The current cold snap has led to widespread disruption on Britain’s roads. Much of the network has been left untreated as local authorities have struggled to cope and many routes have been blocked by uncleared snow or abandoned vehicles.
Is there a solution to the transport chaos that descends on the UK whenever temperatures drop below freezing and a few inches of snow fall? There are good reasons to believe that privatising the road network would produce far stronger incentives to keep traffic flowing.
Under current arrangements trunk roads and motorways are managed by the Highways Agency and the rest of the network by local authorities. While their staff undoubtedly work hard to respond to disruption as it happens, the financial incentives for these organisations to resolve this recurring problem in the long term are very weak. Taxpayers fund their activities whether or not they perform well.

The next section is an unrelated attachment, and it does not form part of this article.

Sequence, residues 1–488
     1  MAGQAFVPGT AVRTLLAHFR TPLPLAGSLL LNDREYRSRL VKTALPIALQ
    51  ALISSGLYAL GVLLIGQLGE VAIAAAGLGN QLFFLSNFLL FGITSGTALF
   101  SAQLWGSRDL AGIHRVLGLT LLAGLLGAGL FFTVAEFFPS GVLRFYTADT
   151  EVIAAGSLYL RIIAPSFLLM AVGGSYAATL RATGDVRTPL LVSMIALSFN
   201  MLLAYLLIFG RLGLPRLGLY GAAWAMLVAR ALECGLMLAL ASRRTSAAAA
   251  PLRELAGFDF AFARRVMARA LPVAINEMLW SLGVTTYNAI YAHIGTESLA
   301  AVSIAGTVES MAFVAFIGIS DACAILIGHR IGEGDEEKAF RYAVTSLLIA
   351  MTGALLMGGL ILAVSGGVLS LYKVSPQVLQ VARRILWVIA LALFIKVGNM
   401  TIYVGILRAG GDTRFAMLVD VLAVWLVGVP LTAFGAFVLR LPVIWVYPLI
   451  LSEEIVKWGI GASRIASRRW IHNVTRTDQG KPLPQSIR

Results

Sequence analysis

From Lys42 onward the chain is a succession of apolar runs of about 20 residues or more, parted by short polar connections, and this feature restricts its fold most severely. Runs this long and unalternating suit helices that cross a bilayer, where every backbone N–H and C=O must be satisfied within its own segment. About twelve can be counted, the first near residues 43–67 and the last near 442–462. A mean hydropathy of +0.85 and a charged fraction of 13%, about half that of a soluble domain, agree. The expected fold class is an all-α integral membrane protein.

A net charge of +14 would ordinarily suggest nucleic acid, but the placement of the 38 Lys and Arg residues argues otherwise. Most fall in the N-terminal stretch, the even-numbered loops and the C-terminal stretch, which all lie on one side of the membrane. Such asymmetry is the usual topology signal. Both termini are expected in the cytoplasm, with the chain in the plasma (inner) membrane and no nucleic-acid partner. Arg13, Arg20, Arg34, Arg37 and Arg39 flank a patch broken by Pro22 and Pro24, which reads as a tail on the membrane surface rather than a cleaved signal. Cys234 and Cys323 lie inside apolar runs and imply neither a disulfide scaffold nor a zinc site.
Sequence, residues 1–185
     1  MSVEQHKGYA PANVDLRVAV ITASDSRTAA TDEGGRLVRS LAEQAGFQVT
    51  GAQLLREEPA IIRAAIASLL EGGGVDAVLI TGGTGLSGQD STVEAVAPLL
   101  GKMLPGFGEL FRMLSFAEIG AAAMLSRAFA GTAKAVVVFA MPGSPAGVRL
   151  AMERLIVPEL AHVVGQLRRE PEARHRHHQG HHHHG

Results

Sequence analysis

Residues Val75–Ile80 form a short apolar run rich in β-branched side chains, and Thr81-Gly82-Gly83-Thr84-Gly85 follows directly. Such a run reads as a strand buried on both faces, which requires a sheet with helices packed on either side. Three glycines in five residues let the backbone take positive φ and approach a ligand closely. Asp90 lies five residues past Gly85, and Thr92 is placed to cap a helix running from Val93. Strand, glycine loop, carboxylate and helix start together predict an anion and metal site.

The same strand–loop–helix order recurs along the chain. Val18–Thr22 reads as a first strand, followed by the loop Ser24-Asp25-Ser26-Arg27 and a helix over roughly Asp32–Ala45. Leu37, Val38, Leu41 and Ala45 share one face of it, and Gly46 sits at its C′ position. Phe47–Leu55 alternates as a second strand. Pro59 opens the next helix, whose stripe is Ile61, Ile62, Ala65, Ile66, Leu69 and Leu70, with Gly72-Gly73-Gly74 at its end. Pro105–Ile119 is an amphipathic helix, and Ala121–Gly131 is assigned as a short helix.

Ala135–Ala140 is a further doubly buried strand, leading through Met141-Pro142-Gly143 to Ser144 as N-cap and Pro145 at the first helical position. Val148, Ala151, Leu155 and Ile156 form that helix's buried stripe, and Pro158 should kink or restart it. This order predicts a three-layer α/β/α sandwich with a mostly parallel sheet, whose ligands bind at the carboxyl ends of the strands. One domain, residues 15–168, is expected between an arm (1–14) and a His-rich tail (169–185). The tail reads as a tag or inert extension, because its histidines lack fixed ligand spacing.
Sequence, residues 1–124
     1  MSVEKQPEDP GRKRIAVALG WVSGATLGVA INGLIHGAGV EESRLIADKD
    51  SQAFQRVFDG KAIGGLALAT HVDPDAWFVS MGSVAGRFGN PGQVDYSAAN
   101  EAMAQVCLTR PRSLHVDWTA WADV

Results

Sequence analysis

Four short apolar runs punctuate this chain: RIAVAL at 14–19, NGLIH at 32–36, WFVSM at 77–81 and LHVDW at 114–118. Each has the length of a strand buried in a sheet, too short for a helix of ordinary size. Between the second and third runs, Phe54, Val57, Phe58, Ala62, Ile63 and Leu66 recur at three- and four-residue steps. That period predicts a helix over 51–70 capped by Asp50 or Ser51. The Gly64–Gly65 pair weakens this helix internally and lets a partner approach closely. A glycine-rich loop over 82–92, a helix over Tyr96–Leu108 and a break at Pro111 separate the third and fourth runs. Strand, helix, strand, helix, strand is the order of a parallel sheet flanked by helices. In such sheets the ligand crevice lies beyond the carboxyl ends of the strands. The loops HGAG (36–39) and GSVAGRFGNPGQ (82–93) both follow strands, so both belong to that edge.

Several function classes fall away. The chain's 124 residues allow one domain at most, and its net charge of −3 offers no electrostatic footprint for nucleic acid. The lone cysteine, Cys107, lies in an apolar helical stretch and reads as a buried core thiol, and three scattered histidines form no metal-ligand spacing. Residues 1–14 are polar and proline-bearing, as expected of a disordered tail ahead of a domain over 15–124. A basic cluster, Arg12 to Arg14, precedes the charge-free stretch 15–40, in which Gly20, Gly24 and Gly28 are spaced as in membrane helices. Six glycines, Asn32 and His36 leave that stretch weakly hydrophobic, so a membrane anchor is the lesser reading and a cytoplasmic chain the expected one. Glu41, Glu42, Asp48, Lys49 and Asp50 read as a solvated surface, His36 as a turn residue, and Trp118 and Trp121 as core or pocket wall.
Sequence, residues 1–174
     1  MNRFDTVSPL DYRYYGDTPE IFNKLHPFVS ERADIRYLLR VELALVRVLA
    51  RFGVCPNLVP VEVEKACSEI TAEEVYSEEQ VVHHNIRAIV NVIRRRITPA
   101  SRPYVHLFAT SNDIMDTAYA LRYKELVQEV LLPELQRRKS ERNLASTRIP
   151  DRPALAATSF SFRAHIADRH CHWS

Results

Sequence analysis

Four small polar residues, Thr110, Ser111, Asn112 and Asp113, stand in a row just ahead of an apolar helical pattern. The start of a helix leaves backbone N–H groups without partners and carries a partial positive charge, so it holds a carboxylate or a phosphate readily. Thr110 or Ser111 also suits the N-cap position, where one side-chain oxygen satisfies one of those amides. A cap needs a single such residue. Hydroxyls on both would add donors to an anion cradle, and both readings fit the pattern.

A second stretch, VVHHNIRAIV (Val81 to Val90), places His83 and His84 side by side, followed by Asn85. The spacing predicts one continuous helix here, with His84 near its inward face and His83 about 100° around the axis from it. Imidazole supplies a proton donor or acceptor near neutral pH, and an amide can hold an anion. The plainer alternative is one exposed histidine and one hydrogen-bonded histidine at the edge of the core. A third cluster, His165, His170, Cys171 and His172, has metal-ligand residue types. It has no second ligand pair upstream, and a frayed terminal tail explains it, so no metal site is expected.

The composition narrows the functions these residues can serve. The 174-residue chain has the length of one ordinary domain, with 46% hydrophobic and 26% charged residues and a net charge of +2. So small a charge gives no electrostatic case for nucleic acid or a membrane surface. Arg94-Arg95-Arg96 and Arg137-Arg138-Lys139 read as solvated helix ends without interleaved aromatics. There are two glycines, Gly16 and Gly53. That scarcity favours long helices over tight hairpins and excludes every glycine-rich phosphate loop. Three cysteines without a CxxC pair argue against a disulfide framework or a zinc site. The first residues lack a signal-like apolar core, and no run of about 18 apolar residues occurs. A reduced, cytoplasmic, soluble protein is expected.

By contrast, profit-seeking private road owners – heavily dependent on tolls for their income – would have very strong incentives to keep the roads clear. Nightmare scenarios, such as motorists being stuck overnight in their cars in freezing weather, could do immense damage to the reputation of private road companies and their brand names. Moreover, the possibility of costly insurance claims from accidents caused by poor road conditions would provide a further incentive for owners to ensure their infrastructure was adequately cleared and gritted.